I always start my shape pruning by bringing my Olive tree back into shape. I cloud pruned this a number of years ago and when it is freshly shaped it is lovely and a talking point in the garden. Many of you will have Olive trees and will just let them grow into shapeless lumps. Left to themselves these trees will look scraggy and untidy and eventually make a mess underneath as the Olives fall off. If you are not processing the Olives then I would advise you to reshape the tree to make it a visually stunning part of your garden.
The first photo below show my Olive tree just about ready for its twice annual trimming.
The two photos below provide examples not only of my prowess in cloud pruning, but also hint at my hidden artistic talent. I mourn for the career I could have had in fashion photography. Click on each photo for a larger view.
After reshaping the Olive tree I tend to look down my drive to where a large Californian False Pepper and a Myrtle bush dominate the end of the drive. This view down the drive and on into the wild wood sets the overall feel of the garden for those either driving in or walking down the drive. If these two plants are left to get scruffy and overgrown then it removes much of the shape and overall structure of the garden.
The big Californian Pepper I had professionally loped a while ago to bring it back into my overall reach. The new growth is now sprouting like crazy both from the trunk and the top of the tree. So if I don’t get on top of it now then it will again be out of reach. The photos below show the tree before its trim and afterwards. Cruella claims she can see no difference; but as she can only come out at night it does prove problematic. I have provided a caption on each photo for clarity.
Reshaping the Myrtle bush is all a matter of timing. It provides the forefront to a stand of Yuccas set behind it. The starkness of the Yucca spikes are a good foil to the rounded shape of the Myrle. It flowers profusely and is a real joy to behold. So you need to time the trimming so that you lose as little flowering as possible, but still have some growth to cover up any mistakes you might make.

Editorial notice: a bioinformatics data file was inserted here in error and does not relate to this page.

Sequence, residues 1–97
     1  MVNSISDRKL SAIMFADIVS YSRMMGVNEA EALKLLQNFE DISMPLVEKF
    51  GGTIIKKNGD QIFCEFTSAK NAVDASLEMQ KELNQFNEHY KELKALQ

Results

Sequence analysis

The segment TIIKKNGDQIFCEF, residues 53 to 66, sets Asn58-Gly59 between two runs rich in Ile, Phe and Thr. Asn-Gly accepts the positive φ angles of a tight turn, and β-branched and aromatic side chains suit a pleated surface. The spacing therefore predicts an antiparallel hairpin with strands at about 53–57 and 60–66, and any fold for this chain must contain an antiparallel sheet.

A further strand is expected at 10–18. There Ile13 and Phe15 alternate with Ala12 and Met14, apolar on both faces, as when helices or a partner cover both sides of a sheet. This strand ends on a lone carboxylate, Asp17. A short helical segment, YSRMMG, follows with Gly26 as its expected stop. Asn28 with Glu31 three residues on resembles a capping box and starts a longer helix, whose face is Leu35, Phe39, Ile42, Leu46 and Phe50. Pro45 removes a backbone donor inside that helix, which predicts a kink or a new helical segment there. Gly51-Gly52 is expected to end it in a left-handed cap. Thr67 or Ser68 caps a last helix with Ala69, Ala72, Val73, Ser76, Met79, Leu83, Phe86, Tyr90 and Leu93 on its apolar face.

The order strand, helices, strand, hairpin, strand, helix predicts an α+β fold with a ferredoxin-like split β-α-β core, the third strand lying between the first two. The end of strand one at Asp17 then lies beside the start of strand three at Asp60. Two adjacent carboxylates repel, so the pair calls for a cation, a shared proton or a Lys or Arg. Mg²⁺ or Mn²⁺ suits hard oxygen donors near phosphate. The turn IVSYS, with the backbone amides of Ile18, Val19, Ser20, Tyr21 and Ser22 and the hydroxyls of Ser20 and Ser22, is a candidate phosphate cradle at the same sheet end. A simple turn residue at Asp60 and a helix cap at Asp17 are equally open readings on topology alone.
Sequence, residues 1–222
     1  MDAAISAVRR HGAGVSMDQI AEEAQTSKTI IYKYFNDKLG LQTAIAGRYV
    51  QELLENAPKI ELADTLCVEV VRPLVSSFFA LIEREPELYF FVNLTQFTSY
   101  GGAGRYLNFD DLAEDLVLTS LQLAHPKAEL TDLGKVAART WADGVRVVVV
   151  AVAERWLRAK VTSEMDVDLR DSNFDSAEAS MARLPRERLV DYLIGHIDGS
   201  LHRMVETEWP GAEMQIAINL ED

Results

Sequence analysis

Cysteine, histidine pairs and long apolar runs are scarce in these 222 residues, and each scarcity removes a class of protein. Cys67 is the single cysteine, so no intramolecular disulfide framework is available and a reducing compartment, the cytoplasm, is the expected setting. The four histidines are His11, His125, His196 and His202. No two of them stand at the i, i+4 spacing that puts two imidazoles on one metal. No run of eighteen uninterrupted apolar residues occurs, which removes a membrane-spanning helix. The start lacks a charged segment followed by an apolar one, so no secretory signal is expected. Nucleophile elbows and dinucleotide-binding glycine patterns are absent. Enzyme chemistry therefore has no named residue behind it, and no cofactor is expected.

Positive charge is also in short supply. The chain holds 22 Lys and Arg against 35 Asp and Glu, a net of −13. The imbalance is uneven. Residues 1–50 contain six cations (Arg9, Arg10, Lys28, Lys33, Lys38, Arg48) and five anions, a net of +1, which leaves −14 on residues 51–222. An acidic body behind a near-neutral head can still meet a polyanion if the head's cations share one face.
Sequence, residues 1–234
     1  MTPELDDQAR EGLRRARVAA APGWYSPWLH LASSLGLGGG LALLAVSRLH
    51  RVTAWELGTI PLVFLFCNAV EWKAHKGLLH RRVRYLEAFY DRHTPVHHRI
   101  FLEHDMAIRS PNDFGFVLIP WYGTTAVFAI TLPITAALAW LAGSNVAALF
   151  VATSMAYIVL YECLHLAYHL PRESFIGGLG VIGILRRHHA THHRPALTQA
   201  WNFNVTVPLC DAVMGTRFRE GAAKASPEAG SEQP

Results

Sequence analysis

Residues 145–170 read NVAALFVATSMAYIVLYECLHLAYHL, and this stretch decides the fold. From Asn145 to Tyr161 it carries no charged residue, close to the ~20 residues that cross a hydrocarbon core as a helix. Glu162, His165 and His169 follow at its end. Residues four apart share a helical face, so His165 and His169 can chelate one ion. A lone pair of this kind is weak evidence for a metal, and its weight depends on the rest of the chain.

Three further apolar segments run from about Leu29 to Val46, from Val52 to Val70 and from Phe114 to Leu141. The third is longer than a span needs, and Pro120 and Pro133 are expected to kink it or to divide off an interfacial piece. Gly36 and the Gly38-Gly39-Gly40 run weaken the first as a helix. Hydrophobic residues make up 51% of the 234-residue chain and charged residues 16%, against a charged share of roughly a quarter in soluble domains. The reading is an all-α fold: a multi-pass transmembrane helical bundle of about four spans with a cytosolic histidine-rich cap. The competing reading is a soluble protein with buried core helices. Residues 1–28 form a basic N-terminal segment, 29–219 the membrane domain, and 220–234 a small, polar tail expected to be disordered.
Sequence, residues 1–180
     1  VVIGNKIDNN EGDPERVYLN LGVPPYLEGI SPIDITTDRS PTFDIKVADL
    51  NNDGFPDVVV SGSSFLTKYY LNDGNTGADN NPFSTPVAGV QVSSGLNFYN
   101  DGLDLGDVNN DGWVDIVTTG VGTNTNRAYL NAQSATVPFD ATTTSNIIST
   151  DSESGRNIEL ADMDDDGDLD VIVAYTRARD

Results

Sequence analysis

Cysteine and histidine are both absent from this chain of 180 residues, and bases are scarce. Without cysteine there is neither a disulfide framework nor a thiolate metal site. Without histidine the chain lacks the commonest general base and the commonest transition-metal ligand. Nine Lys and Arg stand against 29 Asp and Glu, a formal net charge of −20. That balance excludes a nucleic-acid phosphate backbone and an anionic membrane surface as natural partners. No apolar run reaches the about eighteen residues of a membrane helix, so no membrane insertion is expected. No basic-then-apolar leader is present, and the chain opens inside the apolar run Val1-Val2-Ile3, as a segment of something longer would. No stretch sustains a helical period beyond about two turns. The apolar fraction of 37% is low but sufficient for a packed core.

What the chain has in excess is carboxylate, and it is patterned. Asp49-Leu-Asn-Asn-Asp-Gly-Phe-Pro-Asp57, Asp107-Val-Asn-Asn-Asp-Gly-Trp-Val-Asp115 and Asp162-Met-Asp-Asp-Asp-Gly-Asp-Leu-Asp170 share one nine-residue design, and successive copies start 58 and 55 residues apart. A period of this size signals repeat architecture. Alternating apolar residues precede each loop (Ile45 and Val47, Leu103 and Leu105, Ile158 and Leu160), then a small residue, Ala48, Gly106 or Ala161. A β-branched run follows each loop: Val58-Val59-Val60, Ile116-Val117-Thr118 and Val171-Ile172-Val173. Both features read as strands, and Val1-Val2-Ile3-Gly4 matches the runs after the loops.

As I walk down the drive towards what I term the “Technical Area” the Myrtle guards the entrance to this sacred place. The Technical Area is where the shed, potting benches, compost bins and water tanks are, and it is from this area that all of the garden eventually emerges as seeds or cuttings. In her usual disparaging way Cruella (my wife) calls this area the dump.
The photos below show the Mytrle prior to its trim and in all its proud glory afterwards.
3 thoughts on “My bald patch has come back and Cruella calls me Wayne”
‘California false pepper’ or ‘false California pepper’? It is naturalized in some places here, but I do not believe it to be too terribly invasive. It is from Chile, but is probably as happy here as it is in Spain.
The problem I have is I love the tree, but it is so close to my pool, and when strong winds blow half the trees leaves end up in my pool.
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Oh my! That is an exceptionally mess one too! It does not produce huge volumes of mess, but as you know, it produces mess constantly.